Saving the World

Changing The World, One Person At A Time
I don’t know about you, but I’d kind of like a “do-over” on 2020. It’s only halfway through, but it already feels like we’d be better off if we could just scrap it and start again. But life doesn’t work that way. The fear and uncertainty from the Coronavirus, followed by the unrest sparked by the killing of George Floyd, have made life incredibly tense in so many ways. We’ve become so divided that it can seem as if concepts such as brotherly love, unity, justice, peace, and community are beyond us. So how can we as Christians change that and even grow God’s kingdom in the process? The book of James gives us some straightforward, practical instruction.

James 2 tells us, “Believers in our glorious Lord Jesus Christ must not show favoritism” (v.1). We’re to show everyone love and respect, not treating anyone differently because of a particular group identity. In James’ day, the tendency was to discriminate against the poor in favor of the rich. In 2020, we’re divided not only along socioeconomic lines, but racial, sexual, political, geographical, and ethnic lines as well. Heck, we’re not even sure about that guy down the street who likes a different team than we do!
We all have some biases toward those like us and against those who are different. It doesn’t mean we’re all hopeless bigots, but it does mean we have to work to overcome those biases to make certain we’re treating all people like the unique, valued creations of God that they are.
James 1:19 says, “Everyone should be quick to listen, slow to speak and slow to become angry….” This short verse gives us a guide to how we’re to interact with others, especially in times like we’re going through now.

“Everyone.” There are no exceptions. If you’re a follower of Christ, you’re expected to do this. As a kid I loved watching Juan Epstein on Welcome Back Kotter bring in notes from home, requesting that he be excused from whatever it was he didn’t want to do, always signed, “Epstein’s Mother.” There are no notes excusing us from responsibility for what James is about to tell us. If you follow Christ, it applies to you.
“should be quick to listen….” We’ve all been in conversations where we know the other person isn’t really listening; they’re either distracted by something else or just waiting for their turn to talk. And we hate it. But too often we’re guilty of it ourselves. Listening is where we learn—it’s where we learn facts, as well as what makes the other person tick. God wants us to work to where listening becomes our first instinct—what we’re quick to do. We can choose to develop the mindset that we actively listen to what others are saying. Here’s a tip: If you find yourself in a conversation and you forget what you were going to say, you’re making progress.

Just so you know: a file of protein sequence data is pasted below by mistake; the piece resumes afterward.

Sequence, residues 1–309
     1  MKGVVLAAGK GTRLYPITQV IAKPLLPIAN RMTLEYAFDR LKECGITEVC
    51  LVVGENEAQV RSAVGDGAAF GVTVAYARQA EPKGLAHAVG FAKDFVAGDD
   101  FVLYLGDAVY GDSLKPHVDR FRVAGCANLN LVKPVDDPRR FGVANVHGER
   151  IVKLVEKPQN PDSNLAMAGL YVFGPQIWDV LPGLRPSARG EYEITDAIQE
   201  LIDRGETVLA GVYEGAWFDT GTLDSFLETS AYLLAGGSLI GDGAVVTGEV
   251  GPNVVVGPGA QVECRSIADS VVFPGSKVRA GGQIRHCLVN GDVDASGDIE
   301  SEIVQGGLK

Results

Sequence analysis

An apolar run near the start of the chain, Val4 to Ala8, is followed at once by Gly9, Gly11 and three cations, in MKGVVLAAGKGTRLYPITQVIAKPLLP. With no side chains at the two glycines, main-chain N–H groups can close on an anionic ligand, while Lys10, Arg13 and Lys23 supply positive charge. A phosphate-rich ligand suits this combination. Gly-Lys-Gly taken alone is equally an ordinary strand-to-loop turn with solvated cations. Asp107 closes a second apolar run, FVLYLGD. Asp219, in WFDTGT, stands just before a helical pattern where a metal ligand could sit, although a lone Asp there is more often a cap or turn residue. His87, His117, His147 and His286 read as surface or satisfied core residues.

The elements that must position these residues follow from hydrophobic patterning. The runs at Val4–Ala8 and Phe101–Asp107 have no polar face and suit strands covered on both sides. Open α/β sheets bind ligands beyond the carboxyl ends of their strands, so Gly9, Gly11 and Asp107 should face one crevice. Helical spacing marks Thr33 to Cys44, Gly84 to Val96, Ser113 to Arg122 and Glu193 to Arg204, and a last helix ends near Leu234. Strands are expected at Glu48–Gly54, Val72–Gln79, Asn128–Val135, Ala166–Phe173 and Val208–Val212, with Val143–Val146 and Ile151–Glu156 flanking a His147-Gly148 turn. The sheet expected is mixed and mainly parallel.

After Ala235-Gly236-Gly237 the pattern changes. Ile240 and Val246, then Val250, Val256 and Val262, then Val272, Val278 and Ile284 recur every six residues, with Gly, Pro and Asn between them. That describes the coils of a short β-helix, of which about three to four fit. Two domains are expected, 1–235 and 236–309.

“slow to speak….” How often do we cause problems in our relationships or general ill will because we’re too quick to speak? Today “speak” would include sending a text or posting tweets and comments online. The things we say can’t be unsaid. And in this digital world, they last forever. James goes on in v.26 and says, “Those who consider themselves religious and yet do not keep a tight rein on their tongues deceive themselves, and their religion is worthless.”
“and slow to become angry.” There’s so much anger and vitriol in our world today. We used to be able to disagree with someone and still remain friends. Now the battle lines are drawn and if someone disagrees, he’s the enemy: Hateful, violent, and evil. Problems are never solved when we’re governed by our emotions—especially anger. Jesus said, “Love your enemies and pray for those who persecute you” (Matthew 5:44). You find yourself a lot less angry with someone if you’re genuinely praying for them.
I heard Andy Stanley say, “Pain without gain is a terrible shame.” Our country is going through some pain right now. It’s our response to it that will determine whether we come out the other side better for it or worse. The choice is up to us. We can’t change the world, but we can change our little corner of it. And if enough of those little corners get changed, the next thing you know, the world is different too.